Remember, when you email a document through your internal email server, the document is stored on the server without any encryption. If a hacker gets access to the server, they can get not only emails but every document anyone has ever emailed at the company.

This is a huge risk that could touch every part of your organization and beyond. Think about all the people you work with outside your company. How are you sending documents and communicating with them? How are you protecting those documents and messages? You aren’t just storing and sending documents within your company, but outside your company as well.

5) How can you securely messages vendors and consultants?

Everyone works with people outside their business—lawyers, consultants, vendors, suppliers. How are you sending messages to them? Are you emailing sensitive documents? Are you emailing contracts, legal documents, financial information, and discussing strategic plans? When people think about secure messaging, often they only think about messaging inside a company, but what about everyone else? We sometimes rely on people outside our business to run our business:

  • You send financial information to your accountant.
  • You discuss sensitive legal matters with your lawyers.
  • You talk strategies, plans, and tactics with your agency or marketing firm.
  • You probably even email passwords to accounts and websites back and forth.

When you email someone outside your company you are trusting their email systems are as secure as yours. What if they’re not? How private are those private conversations now? All of this information is sensitive. All of it should be protected. All of it should be sent and received through a secure messaging app with end-to-end encryption.

6) How can secure messaging work with BYOD?

More and more companies are saving money—and increasing employee satisfaction—with Bring Your Own Device (BYOD) policies. Companies are letting their employees use their personal devices for work for two reasons:

  1. To save on capital costs
  2. Allow their employees to work more productively with a familiar device.

Companies think BYOD’s a no-brainer, but many companies don’t think about how secure personal devices are:

  • How careful are your employees with their devices?
  • Are they loading apps with spyware or malware?
  • Are they keeping device software updated?

If you don’t think about how secure personal devices are, and take a few precautions, you could be compromising security for convenience.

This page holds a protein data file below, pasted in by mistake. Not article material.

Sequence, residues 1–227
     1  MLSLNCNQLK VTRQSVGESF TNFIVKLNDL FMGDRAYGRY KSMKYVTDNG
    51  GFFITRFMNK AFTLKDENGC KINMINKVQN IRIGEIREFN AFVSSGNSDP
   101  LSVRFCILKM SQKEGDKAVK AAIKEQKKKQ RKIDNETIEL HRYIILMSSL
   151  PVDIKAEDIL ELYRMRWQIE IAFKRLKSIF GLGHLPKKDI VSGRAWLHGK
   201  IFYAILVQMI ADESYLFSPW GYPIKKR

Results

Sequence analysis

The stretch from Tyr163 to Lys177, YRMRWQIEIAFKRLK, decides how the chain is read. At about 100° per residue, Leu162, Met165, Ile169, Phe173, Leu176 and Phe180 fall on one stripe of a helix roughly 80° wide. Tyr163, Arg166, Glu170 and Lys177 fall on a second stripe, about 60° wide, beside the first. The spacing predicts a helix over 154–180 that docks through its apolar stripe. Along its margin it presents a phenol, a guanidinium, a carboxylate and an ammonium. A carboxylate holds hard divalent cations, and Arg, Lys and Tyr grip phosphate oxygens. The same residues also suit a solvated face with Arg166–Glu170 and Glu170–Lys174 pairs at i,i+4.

We often consider the most computer savvy employees are the safest, but here’s an interesting tidbit, even most computer savvy people aren’t always great at computer security. In fact, computer savvy users are more likely to get hacked than other computer users precisely because they think they are too smart to be hacked.

What does this mean for you? Well, that new phone your employees are using might be riddled with malware and be a perfect way for hackers to get inside your network. BYOD has made things cheaper for a lot of companies, but it’s also made it easier for hackers to exploit phone and laptops that might not be as secure as a company-managed device might be. Secure messaging can’t fix or prevent all the risks of BYOD, but secure communications apps do protect work-related conversations by keeping them in their own part of the device, separate from their personal activities.

For added security companies can employ Mobile Device Management (MDM) software to remotely manage the work portion of the device—even deleting them if a phone is lost or stolen—so your company information remains protected.

Many MDM solutions let administrators know if a person’s device has been compromised so it can be isolated and prevent a hack from spreading throughout an organization—as we saw with the Wannacry ransomeware epidemic. Office documents (Word, Excel, and Powerpoint) are to blame for 38% of malicious files. If you can isolate devices and files quickly, and remotely, you are more likely to stop an attack in its tracks.

7) Can secure messaging actually be made easy!

Yes, really. It’s easy to get started with secure communication apps. Most apps today are simple to download, use, and affordable to most companies. If your employees use email, text, or use other messaging apps on their phones, they can use secure messaging apps. They won’t notice a difference, except knowing their messages are secure, protected, and private.

Most experts say that the number one barrier to people using secure messaging apps has always been getting started using the app. Secure messaging apps in the past didn’t integrate well into anyone’s digital life. They were hard to set up, hard to use sometimes with extra steps many people would forget to do.

SKY ECC makes security painless with cutting-edge features built for you. It’s quick to get started with our devices, requiring only a few taps to set up your account, and then you’re done. At SKY ECC, we believe that people need simple, but still extremely secure, messaging and collaboration tools they will actually enjoy using and are user-friendly.